At first glance of Richard Stallman, and you may think that he has just returned after a five year stay on a deserted island. But don’t let his image fool the innovative personality hidden inside of him. He has received a lot of heat from the press for his most recent comments in regards to the passing of Steve Jobs, claiming that “Steve Jobs, the pioneer of the computer as a jail made cool, designed to sever fools from their freedom, has died” (Caulfield 2011 p.1) . Stallman has been recognized as one of the leaders in the free software movement, as well as the creator of the computer operating system GNU. At the core of Stallman’s ideas is “a form of sharing and mutual aid that is common inside an community or corporation, but not between organizations” (Brewster 2011 p.1). Stallman sees that society is heading in a completely wrong direction, as it makes strides in the technological world. He has become a firm believer that licensing and cloud computing will enable big corporations to dictate the path for the average person.

Even though Stallman approaches the technological future with extremist ideas, you cannot help, but find them somewhat appealing, especially the ease with which improvements to software could be made. Technology has made great strides up to this day, and many people have benefited from these new changes, but should people be afraid of where the future is going? Stallman has some reason to believe that. While many might disagree with his ideas, at least it’ll give them the option to choose their own future path, which may lead to deleting their Google account.


4 responses »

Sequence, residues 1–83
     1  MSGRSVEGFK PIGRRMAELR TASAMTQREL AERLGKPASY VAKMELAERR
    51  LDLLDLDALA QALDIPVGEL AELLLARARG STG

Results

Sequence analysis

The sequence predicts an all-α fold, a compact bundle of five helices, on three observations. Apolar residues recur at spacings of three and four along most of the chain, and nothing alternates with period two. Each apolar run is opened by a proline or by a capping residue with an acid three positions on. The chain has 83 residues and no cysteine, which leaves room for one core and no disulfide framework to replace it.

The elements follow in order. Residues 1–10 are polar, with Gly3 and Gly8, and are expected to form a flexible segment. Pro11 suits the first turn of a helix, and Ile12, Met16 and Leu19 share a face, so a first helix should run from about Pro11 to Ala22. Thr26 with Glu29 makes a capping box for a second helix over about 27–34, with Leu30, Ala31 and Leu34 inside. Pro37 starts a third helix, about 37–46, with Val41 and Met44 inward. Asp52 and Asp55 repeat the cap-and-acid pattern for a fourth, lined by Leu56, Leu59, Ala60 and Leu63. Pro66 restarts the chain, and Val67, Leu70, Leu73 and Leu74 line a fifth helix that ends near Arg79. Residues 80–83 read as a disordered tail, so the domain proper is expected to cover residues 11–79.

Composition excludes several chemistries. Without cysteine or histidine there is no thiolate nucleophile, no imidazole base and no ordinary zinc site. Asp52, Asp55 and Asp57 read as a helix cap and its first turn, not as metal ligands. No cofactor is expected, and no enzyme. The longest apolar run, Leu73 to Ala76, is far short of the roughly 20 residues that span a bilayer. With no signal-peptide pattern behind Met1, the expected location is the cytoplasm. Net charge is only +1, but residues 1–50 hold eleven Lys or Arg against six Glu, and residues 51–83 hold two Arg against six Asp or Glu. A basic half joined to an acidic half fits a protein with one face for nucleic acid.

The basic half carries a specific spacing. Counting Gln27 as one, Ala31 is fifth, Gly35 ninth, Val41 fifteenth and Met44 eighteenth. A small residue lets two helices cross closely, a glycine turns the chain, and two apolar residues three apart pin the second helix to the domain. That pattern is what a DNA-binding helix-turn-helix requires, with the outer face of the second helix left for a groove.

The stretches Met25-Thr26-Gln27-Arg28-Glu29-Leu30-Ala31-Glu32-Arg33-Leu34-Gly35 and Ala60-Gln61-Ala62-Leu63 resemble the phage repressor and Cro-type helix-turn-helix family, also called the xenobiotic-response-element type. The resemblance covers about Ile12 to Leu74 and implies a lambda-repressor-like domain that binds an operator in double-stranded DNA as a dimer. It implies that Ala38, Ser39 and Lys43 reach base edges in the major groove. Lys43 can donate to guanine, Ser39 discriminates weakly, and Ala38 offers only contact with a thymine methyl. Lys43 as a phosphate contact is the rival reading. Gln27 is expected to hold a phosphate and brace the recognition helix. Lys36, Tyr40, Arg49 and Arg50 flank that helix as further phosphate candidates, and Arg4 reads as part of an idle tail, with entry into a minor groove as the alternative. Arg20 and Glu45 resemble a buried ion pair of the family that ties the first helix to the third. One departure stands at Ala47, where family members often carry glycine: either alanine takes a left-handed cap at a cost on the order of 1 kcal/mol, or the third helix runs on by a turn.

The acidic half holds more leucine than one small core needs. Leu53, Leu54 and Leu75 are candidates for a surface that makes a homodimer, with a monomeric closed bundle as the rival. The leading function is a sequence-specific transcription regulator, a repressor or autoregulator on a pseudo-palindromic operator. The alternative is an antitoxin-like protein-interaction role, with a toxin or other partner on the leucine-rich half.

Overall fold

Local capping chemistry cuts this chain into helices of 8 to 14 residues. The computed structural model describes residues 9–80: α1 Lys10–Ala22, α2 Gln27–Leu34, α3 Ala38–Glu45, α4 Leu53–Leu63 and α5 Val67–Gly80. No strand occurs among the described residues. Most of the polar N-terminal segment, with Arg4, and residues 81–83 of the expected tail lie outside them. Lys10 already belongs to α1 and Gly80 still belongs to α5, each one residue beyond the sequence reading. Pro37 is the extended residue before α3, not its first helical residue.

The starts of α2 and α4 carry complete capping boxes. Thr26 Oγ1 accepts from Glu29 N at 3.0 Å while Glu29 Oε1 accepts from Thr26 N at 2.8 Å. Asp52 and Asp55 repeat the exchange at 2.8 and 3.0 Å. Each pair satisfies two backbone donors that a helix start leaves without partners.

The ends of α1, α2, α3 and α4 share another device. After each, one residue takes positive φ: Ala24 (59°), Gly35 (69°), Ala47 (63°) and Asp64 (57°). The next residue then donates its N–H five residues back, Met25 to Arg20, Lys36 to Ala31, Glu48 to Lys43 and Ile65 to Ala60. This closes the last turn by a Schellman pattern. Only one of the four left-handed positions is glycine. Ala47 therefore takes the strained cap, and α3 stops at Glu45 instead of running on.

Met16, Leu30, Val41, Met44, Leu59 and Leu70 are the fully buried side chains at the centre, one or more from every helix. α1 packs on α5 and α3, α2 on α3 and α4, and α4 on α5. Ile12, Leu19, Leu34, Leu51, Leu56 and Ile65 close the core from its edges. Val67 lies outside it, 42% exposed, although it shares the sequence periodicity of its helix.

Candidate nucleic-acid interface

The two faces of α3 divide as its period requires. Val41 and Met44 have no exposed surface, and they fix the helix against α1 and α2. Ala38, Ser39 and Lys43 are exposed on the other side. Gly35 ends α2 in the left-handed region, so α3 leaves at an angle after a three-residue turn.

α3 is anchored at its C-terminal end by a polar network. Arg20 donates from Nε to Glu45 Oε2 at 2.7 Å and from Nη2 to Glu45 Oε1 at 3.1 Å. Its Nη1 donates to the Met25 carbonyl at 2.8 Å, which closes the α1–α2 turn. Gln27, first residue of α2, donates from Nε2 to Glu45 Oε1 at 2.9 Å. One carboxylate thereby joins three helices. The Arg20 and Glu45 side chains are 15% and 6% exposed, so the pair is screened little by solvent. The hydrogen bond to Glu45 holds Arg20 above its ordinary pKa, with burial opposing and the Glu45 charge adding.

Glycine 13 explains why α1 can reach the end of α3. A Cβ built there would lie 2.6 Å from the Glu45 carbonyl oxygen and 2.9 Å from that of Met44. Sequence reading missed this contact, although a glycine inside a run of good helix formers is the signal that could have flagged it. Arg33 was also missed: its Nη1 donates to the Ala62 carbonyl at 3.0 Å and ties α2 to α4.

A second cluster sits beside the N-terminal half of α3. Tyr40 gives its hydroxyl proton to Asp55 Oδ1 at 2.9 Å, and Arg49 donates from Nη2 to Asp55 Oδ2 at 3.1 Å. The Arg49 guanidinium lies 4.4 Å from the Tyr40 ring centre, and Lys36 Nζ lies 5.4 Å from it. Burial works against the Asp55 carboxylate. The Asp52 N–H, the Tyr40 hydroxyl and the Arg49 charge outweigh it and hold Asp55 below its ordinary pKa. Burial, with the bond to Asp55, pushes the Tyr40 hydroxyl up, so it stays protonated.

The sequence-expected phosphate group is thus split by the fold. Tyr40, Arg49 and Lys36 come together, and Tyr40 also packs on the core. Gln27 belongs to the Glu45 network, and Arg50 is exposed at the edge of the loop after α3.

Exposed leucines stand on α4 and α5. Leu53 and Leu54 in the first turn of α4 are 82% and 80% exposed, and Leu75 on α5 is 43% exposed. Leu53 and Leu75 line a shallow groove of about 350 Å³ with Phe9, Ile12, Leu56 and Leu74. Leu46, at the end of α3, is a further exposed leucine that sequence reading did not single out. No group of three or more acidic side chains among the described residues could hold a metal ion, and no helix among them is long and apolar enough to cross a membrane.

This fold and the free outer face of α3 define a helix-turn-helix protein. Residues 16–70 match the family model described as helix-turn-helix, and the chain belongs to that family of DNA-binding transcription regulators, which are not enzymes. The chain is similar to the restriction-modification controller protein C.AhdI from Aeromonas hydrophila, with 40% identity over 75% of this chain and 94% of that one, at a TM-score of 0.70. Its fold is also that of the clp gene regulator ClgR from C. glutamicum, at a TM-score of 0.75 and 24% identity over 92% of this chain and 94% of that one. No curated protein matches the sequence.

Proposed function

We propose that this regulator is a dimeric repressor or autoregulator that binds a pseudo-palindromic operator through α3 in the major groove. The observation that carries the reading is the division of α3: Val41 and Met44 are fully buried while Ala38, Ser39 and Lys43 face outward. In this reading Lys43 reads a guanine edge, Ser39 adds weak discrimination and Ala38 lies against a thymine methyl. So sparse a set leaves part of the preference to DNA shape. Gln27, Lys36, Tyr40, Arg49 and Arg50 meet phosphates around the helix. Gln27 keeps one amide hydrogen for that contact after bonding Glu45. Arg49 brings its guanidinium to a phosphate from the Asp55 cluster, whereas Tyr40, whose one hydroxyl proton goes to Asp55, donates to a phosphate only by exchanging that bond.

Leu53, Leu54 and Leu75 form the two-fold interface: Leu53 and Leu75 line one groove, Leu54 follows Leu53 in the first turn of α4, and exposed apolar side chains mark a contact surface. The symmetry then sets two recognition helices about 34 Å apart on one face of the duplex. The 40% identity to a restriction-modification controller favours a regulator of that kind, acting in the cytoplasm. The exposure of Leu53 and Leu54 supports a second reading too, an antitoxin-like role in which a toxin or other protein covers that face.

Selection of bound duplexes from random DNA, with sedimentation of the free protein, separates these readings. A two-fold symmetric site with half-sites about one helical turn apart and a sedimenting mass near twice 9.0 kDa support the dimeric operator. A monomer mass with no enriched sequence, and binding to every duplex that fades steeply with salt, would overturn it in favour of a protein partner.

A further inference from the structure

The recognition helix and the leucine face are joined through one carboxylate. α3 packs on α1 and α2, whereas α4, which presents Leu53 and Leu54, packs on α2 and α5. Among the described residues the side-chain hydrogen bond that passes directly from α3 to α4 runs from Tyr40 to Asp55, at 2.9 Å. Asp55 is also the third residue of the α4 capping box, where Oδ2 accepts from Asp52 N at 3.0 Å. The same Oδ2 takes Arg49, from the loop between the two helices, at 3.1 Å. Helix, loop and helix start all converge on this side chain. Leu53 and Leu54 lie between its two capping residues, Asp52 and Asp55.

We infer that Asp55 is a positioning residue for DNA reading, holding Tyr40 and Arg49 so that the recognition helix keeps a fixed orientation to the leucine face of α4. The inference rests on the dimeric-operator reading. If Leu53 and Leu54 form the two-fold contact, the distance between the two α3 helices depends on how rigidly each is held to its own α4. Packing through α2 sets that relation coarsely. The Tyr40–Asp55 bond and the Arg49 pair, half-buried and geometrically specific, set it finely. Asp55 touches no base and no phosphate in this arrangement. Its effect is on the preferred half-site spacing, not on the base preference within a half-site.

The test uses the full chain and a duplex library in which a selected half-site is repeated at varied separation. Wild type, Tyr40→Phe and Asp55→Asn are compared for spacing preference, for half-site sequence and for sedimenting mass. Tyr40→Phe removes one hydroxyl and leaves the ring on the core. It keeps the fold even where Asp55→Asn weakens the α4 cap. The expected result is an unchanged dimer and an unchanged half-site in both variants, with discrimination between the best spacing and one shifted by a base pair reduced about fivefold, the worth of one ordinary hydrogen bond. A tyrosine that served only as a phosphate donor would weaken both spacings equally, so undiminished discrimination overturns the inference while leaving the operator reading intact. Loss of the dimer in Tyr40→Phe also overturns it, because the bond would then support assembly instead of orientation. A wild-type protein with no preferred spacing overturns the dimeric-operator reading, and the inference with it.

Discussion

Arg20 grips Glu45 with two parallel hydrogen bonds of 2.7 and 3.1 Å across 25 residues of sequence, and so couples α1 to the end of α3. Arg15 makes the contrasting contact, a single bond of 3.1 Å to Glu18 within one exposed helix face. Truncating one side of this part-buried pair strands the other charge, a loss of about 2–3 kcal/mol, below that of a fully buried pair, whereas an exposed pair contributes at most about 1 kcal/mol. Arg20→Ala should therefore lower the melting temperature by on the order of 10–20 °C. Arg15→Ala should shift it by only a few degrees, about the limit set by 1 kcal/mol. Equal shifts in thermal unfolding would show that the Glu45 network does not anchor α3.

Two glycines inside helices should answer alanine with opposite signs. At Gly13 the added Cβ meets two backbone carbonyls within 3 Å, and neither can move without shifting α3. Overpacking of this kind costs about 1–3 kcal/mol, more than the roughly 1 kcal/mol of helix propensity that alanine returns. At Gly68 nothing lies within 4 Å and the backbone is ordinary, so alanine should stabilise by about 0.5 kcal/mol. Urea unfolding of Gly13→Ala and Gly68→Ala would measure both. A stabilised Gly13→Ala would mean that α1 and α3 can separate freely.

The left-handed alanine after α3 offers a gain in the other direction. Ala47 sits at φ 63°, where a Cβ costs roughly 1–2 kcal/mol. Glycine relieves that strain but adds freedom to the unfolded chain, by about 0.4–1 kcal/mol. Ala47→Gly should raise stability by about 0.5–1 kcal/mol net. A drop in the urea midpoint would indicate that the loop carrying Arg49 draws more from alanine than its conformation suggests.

1. lcs024 says:

    Stallman sounds like he would be a very interesting speaker who would undoubtedly spark heated debates among students. It is a pretty radical view to suggest that we should be concerned about where technology might take us and perhaps distance ourselves from it while we still can. It would be fascinating to hear his argument for why he feels that is the case and I feel it could potentially change students’ perspectives, or at the very least ignite some discussions.

  2. jhw026 says:

    It sounds like Stallman has some pretty radical ideas particularly about the technology industry. I think his views would be particularly controversial on most college campus’s where intellectual property rights are often a topic of debate especially surrounding filesharing software and the prevalence of the pirating of music, movies, text books, and more. I would personally be very interested to hear why he believes so deeply in the sharing of software and how he addresses obvious questions that will arise when we stop protecting the rights of software developers.

  3. alin01 says:

    Technology is advancing at such a fast rate that people often do not see the effects of that technology until much later. A speaker like Richard Stallman would be very appealing to me because it sounds like he would open many of us up to less than ideal world with big corporations pulling all the strings. It would also be interesting to see his view on sharing software in a capitalistic society like the United States.

  4. manderson12 says:

    It would be very interesting to hear Stallman’s extreme opinion that society is heading in the completely wrong direction. Technology and the internet is such a crucial tool in today’s society, that it would be hard to imagine our world without it. I am not familiar with his arguments, but his suggested changes is very intriguing. Stallman’s thoughts on where our future is going would stir up a good debate within our class.

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